In lieu of an abstract, here is a brief excerpt of the content:

Contributors Charlene Avallone is an independent scholar, having served on the faculties of the Universities of Notre Dame and Hawaii. Her publications treat early U.S. writers—Catharine Sedgwick, Margaret Fuller, Elizabeth Peabody, and Herman Melville, among others—as well as the gender and racial limitations of the American Renaissance critical tradition. Kathryn Conner Bennett is a doctoral candidate in the American studies program at the College ofWilliam and Mary. ATruman Scholar, she studies nineteenthcentury literature, the history of the book, and cultural and intellectual history. Her work includes essays on filmic treatments of La Bohème, feminist critiques of science, and Charles Brockden Brown and rape trial narratives. She is writing a dissertation on the history of the New York Ledger. Melissa J. Homestead is Susan J. Rosowski Associate Professor of English and program faculty in women’s and gender studies at the University of Nebraska–Lincoln. She is the author of American Women Authors and Literary Property, 1822–1869 (Cambridge University Press, 2005), which includes a discussion of E. D. E. N. Southworth’s conflicts with her husband over her copyrights. She is also coeditor of Clarence; or, A Tale of Our Own Times by Catharine Sedgwick (Broadview, 2011) and the essay collection Willa Cather and Modern Cultures (University of Nebraska Press, 2011), and the author of essays on American women authors from Susanna Rowson to Bess Streeter Aldrich. She is currently at work on “The Creative Partnership of Willa Cather and Edith Lewis,” a book about the relationship between the American novelist and the magazine editor and advertising writer with whom she shared a home in New York City for four decades. Annie Merrill Ingram is Professor of English and the Thomson Professor of Environmental Studies at Davidson College, where she teaches courses in American literature and interdisciplinary environmental studies. She is coeditor of Coming into Contact: Explorations in Ecocritical Theory and Practice (University of Georgia Press, 2007) and has published essays on E. D. E. N. Southworth 308 Contributors and other American women writers, environmental literature, and experiential learning. Her current research combines her interests in environmental studies and American studies in an exploration of nineteenth-century American women’s botanical material culture and literature on flowers. Paul Christian Jones is Associate Professor of English at Ohio University, where he teaches courses primarily on nineteenth-century American literature. His most recent publication is Against the Gallows: Antebellum American Writers and the Movement to Abolish Capital Punishment, which contains a chapter on Southworth ’s anti-gallows writing. His previous work on Southworth includes a chapter in his book Unwelcome Voices: Subversive Fiction in the Antebellum South and essays in ATQ, Southern Literary Journal, and Legacy. He is currently working on a book-length project about Southworth’s engagement with national politics in her life and her fiction. Beth L. Lueck is Associate Professor of English at the University of Wisconsin –Whitewater. Her coedited book Transatlantic Women: Nineteenth-Century American Women Writers and Great Britain (with Brigitte Bailey and Lucinda L. Damon-Bach) examines the cultural, intellectual, and geographical circulation of American women writers in a transatlantic world (University Press of New England, 2012). She has also published on early American travel writing, including The American Writer and the Picturesque Tour: The Search for National Identity , 1790–1860. President of the Harriet Beecher Stowe Society, she directed the international conference Transatlantic Women: Nineteenth-Century American Women Writers in Great Britain, Ireland, and Europe (2008). She teaches courses in American literature, nineteenth-century women writers, Gothic literature, and the Civil War. Vicki L. Martin is a Ph.D. student at the University of Nebraska–Lincoln. She began her studies after retiring from over thirty years of teaching English in the Nebraska community college system. She is currently reading for her written comprehensives on antebellum American women’s novels (1820–1865) with an emphasis on serial novels and plans a dissertation on Southworth. Kenneth Salzer is a visiting lecturer of English at the University of Pittsburgh, where he teaches American literature. His previous essay on Southworth—“Call Her Ishmael: E. D. E. N. Southworth, Robert Bonner, and the ‘Experiment’ of Self-Made”—appears in Popular Nineteenth-Century American Women Writers and the Literary Marketplace (Cambridge Scholars, 2007). His essay on the fugitive Contributors 309 slave Ellen Craft will be published in Transatlantic Women: Essays on 19th-Century American Women Writers in Great Britain, Ireland, and Europe (2012). He is currently editing the 1855 autobiography of Lucy Ann Lobdell, who lived...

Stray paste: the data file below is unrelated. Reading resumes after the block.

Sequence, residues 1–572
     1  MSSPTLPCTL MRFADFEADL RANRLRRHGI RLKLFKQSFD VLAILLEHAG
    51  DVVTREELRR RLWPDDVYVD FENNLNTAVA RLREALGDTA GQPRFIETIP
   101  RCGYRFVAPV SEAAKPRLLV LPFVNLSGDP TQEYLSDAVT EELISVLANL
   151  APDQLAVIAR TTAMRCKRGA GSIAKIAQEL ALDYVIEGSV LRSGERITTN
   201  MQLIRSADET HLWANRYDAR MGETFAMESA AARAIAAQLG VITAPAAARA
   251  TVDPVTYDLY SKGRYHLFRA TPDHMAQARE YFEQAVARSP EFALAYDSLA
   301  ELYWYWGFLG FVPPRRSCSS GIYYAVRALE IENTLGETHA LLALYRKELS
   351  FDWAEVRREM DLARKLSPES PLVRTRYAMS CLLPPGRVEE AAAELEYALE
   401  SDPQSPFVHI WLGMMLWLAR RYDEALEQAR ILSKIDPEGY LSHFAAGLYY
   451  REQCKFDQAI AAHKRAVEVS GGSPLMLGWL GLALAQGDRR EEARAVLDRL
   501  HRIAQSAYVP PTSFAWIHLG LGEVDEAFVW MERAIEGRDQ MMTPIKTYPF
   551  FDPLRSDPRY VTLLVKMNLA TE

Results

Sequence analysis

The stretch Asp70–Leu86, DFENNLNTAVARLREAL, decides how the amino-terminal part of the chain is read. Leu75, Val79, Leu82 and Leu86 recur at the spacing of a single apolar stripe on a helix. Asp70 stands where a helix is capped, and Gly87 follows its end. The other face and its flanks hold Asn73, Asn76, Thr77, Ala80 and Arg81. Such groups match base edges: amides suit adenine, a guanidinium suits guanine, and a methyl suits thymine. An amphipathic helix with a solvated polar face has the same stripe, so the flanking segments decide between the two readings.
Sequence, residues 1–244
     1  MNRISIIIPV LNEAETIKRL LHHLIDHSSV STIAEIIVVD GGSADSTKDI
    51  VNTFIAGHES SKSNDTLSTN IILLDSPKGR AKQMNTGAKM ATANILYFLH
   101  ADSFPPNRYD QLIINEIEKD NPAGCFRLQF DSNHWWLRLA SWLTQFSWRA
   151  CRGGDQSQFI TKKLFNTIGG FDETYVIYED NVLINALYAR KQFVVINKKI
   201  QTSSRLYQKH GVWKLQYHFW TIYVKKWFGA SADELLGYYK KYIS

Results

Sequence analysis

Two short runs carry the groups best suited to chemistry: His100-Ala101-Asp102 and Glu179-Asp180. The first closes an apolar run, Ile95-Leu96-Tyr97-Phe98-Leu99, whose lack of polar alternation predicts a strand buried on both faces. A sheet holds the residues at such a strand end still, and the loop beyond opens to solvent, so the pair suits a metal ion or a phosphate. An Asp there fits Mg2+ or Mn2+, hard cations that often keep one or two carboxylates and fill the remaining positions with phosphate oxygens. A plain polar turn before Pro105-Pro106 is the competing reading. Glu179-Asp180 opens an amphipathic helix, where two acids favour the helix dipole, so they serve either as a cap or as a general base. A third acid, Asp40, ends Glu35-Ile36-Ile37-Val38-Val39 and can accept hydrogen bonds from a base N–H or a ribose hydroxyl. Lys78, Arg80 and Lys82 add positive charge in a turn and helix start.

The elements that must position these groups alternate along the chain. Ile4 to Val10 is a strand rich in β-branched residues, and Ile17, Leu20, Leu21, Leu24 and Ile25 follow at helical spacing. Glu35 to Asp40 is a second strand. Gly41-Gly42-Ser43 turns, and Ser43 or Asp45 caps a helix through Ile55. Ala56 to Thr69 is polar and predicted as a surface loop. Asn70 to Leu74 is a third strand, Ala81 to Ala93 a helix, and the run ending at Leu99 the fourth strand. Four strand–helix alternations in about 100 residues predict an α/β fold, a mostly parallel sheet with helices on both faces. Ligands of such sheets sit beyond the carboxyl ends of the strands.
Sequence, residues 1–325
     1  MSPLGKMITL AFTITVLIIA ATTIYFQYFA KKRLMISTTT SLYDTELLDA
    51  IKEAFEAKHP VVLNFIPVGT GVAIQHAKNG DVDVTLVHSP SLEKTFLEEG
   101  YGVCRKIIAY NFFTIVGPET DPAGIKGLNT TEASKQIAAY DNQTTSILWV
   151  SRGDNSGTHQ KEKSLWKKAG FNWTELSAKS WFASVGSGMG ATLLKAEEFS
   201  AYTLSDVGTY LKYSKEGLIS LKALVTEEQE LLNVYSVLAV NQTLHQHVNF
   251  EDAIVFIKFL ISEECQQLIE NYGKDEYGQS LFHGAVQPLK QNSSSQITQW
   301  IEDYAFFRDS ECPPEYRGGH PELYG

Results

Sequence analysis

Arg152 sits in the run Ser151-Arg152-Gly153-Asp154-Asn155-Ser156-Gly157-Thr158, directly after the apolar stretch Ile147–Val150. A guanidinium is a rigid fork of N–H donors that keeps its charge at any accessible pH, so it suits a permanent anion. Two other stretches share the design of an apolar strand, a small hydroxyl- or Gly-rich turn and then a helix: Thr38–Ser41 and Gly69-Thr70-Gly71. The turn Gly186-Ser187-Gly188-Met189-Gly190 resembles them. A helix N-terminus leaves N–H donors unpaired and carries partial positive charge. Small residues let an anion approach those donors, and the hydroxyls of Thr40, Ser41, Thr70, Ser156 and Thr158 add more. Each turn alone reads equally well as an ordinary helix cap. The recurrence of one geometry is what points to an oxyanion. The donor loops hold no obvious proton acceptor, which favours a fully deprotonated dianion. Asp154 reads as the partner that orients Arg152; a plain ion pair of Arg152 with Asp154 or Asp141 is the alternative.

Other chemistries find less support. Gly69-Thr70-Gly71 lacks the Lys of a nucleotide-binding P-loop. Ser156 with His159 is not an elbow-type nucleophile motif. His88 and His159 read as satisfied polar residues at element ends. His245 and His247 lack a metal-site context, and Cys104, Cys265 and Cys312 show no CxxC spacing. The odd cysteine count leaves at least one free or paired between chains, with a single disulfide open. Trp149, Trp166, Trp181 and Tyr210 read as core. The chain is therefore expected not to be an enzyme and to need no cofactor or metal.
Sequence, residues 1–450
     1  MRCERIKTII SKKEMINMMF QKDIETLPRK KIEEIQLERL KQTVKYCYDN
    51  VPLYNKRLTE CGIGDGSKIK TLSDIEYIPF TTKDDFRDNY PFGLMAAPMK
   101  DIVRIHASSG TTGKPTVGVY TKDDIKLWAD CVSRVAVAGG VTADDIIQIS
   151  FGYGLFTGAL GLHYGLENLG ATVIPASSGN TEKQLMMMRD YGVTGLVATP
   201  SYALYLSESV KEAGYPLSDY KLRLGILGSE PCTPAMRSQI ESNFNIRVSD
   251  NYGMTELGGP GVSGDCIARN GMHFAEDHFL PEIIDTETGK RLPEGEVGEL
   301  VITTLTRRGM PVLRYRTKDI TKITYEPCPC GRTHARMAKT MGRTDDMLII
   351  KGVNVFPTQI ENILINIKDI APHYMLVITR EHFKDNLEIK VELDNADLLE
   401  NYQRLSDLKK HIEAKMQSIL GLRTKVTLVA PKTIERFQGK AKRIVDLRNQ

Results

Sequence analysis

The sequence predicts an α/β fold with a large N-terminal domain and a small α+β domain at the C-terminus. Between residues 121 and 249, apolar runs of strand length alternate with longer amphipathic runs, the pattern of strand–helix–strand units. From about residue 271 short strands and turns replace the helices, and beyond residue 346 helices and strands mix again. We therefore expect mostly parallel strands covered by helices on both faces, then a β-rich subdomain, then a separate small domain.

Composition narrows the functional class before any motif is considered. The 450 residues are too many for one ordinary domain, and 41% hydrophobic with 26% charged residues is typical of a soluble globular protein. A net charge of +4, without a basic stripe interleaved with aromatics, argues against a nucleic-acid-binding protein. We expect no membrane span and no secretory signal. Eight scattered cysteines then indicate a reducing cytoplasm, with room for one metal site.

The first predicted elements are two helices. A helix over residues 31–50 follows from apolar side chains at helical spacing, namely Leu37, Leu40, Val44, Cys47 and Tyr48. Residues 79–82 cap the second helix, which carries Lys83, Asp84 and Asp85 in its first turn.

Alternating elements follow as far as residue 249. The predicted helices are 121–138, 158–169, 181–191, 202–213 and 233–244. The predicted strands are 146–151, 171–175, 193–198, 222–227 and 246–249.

Additional Information

Related ISBN
MARC Record
Launched on MUSE
Open Access
Back To Top

This website uses cookies to ensure you get the best experience on our website. Without cookies your experience may not be seamless.